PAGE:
Of course, there would have been no reason to pander to the sensibilities of the intersectional Left that have pervaded wider society unless there was a mood with which to align. “Toxic masculinity” is an oft used and seldom defined term that means different things to different people. That is part of it’s promotional genius: everyone thinks Gillette means what they mean when they use it. There are, I freely admit, aspects of being a man that are less than laudable. Just as there are aspects of being a woman that are the same. However, a short sojourn through Gillette’s The Best a Man Can Be site (included in the tweet of the ad) reveals nothing more than a pastiche of delusion and self-aggrandising rhetoric. “Thirty years ago, we launched our ‘The Best A Man Can Get’ slogan. Since then, it has been an aspirational statement, reflecting standards that many men strive to achieve.”

One expects a brand to trumpet the virtue of its products, and by doing so, inform the consumer of reasons for purchase. What is far more irksome is for a brand to position itself as a moral exemplar. Men have only been striving to be their best for 30 years since Gillette’s marketing team coined the slogan? And isn’t the corollary of being the best, fierce competition, one of the hallmarks of the “toxic masculinity” their ad purports to decry? 

There is something strangely fitting for an American corporation to set itself up as a cultural and moral authority, but this does not make it any less odious. And yet, Gillette claims that exact position: “It’s time we acknowledge that brands, like ours, play a role in influencing culture.” To the extent that statement is true, we should be extremely concerned. We should be equally reticent to accept a brand telling us that they are a wide ranging cultural influence. Market share does not equate to being a thought leader, particularly when these are the thoughts that result.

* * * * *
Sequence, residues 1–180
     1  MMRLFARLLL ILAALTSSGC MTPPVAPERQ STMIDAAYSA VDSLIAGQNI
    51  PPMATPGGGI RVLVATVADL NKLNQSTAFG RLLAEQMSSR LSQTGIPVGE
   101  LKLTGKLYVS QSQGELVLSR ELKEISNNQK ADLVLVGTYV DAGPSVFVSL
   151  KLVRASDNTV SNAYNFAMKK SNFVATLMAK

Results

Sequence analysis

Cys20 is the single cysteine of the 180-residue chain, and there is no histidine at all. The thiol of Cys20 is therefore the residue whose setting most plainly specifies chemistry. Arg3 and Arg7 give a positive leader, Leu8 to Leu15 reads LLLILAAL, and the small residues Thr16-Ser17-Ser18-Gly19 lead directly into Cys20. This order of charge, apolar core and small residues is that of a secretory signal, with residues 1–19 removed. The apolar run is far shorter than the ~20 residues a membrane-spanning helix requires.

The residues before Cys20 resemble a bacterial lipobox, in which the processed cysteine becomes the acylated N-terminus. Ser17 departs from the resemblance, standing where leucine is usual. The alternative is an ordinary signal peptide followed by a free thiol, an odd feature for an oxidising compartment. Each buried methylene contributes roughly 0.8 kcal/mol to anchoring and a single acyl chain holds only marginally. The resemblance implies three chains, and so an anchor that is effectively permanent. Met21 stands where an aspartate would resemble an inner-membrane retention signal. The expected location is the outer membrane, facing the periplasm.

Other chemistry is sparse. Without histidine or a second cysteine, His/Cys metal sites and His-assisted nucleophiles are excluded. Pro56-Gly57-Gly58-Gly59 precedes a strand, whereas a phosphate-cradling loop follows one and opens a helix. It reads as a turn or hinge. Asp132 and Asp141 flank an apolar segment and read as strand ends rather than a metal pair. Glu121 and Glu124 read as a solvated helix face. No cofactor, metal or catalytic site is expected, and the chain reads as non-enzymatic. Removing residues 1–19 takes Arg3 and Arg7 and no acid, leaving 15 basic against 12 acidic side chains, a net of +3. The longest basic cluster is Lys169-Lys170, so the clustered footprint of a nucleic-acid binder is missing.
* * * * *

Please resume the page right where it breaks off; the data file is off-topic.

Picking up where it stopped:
One might argue that the Gillette ad made a big splash, so doesn’t the “cultural influence” tag ring true? That question really boils down to “does 5 seconds of attention on social media make you a cultural influence?”. I say that it does not. And why would we want it to be otherwise? Are we so devoid of meaning in our lives that we are voluntarily taking advice from a razor company? A corporation does not a moral authority make. Moral leaders usually have more fundamental insights than such statements as “it’s clear that changes are needed”. What changes? Why are they needed? Let’s take a look at some of the specific scenes in the advertisement to see what Gillette thinks.

Are we so devoid of meaning in our lives that we are voluntarily taking advice from a razor company?

One scene that stands out for it’s surpassing idiocy is two boys wrestling at a barbecue while an entourage of grown men watches on chanting “boys will be boys”. Leaving aside the fact that I am yet to hear any man offer that as an excuse for objectionable behaviour. What is the charge here? Wrestling? I have 2 younger brothers, and we loved to wrestle on our trampoline in my youth. They are some of my fondest memories. But Gillette, in all it’s woke wisdom, sees fit to decry such behaviour and make the onlooking men complicit in this most dastardly of deeds. Not to worry though, a sufficiently enlightened gent comes along and breaks up the altercation with the words “that’s not how we treat each other”. What an exhilarating childhood his sons must lead. 

Directly after the shot of the boys wrestling, the ad cuts to a news anchor talking about allegations of sexual harassment. Are we really supposed to believe that boys wrestling – again, a mostly benign manifestation of youthful exuberance – leads to sexual assault? Is pathologising a natural instinct that most boys have – voluntarily engaging in rough and tumble play – making men the best they can be, as Gillette claims?